Digital has introduced a high-performance, low-cost processor aimed at Windows CE-based handheld products such as subnotebook, handheld, and even "wallet" PCs, as well as smart cellular phones and Internet phones.
Digital says the StrongARM SA-1100 CPU - from the same family as the chips already used in the Apple Newton PDA - offers three to five times the performance of competing products, either currently available or on the drawing board, at prices as low as US$29. Mobile computing vendors have welcomed it.
"Digital's SA-1100 is a great example of the processors that will allow future handheld and embedded systems to provide fast performance, color displays, and high-speed communications for users," says J. Gerry Purdy, president and CEO of Mobile Insights, in California. "Products like this will greatly expand the market for handheld and embedded systems."
"Microsoft welcomes the SA-1100 microprocessor because it really opens up the envelope for Windows CE performance," says Jim Floyd, handheld PC product manager at Microsoft. "The cooperation between Digital and Microsoft now extends from servers and clusters down to handheld PCs."
"The StrongARM SA-1100 processor is the latest product of a fruitful relationship between Digital and ARM [Advanced RISC Machines]," says Robin Saxby, president and CEO at ARM.
Sandy Benett, chief operating officer at Newton, says, "The StrongARM architecture is an important feature of the MessagePad 2000 handheld computer. It facilitates faster response times, longer periods between battery changes, and voice recording capability. We will continue to work closely with Digital in the future - the StrongARM chip plays an important role in our ongoing product strategy."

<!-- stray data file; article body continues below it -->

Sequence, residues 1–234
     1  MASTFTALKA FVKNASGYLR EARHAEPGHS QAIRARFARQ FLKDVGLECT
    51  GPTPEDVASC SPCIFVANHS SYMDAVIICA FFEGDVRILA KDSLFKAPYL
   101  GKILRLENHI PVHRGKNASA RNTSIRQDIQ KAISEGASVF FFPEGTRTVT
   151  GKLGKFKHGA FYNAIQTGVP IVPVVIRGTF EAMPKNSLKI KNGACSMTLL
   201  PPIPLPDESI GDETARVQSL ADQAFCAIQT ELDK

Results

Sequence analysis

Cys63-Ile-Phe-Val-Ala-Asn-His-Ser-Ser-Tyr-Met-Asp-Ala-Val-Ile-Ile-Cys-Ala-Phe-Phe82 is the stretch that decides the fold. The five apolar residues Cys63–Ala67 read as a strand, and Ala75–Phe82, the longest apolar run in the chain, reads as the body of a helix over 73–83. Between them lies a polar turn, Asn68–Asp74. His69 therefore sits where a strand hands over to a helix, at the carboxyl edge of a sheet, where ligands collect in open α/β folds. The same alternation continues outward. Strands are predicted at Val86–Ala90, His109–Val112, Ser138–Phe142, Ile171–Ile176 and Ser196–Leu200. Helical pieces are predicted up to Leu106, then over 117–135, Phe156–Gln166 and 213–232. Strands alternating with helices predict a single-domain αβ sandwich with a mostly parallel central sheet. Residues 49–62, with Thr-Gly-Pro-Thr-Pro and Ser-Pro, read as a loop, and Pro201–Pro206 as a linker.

According to Stephen Randall, joint president of Psion Software, "Ultimately, AA-battery-powered PDAs [personal digital assistants] will require the kind of performance and functionality expected from connected phones, videoconferencing systems, and desktop devices, including full support for Enterprise Java. We are seeing increasing demand from licensees for industrial-strength, high-end mobile devices. We are developing products based on the SA-1100 that for the first time turn these high-end concepts into reality."
Northern Telecom (Nortel) is developing a cellular, touch-screen, pen-friendly "network telephone" that will deliver a steady stream of high-value services and applications using Java, according to Phil Terrett, senior manager, product line management, advanced wireless terminals division.
Tom Schild, StrongARM portable products marketing manager for Digital Semiconductor, says the StrongARM SA-1100 is already being designed into "wallet PCs," which he described as pocketable computers such as the Palm Pilot but with more functionality.
Features that users can expect to see in StrongARM-based handheld systems include more-accurate user interfaces such as handwriting and speech recognition, color displays, faster synchronisation with desktop systems, soft modems, and integrated communications.
For OEMs, the SA-1100 chip offers the ability to run Java applications off the Web. A highly integrated, single-chip solution with inexpensive packaging, the SA-1100 enables reduction of system costs and added form factor flexibility. An SA-1100 Evaluation Platform is also available to assist designers in product development and to shorten time to market for new products.
The SA-1100 chip typically consumes less than 250 milliwatts of power.
Digital Semiconductor, a Digital Equipment Corp. business in Hudson, Massachusetts is at http://www.digital.com/semiconductor/.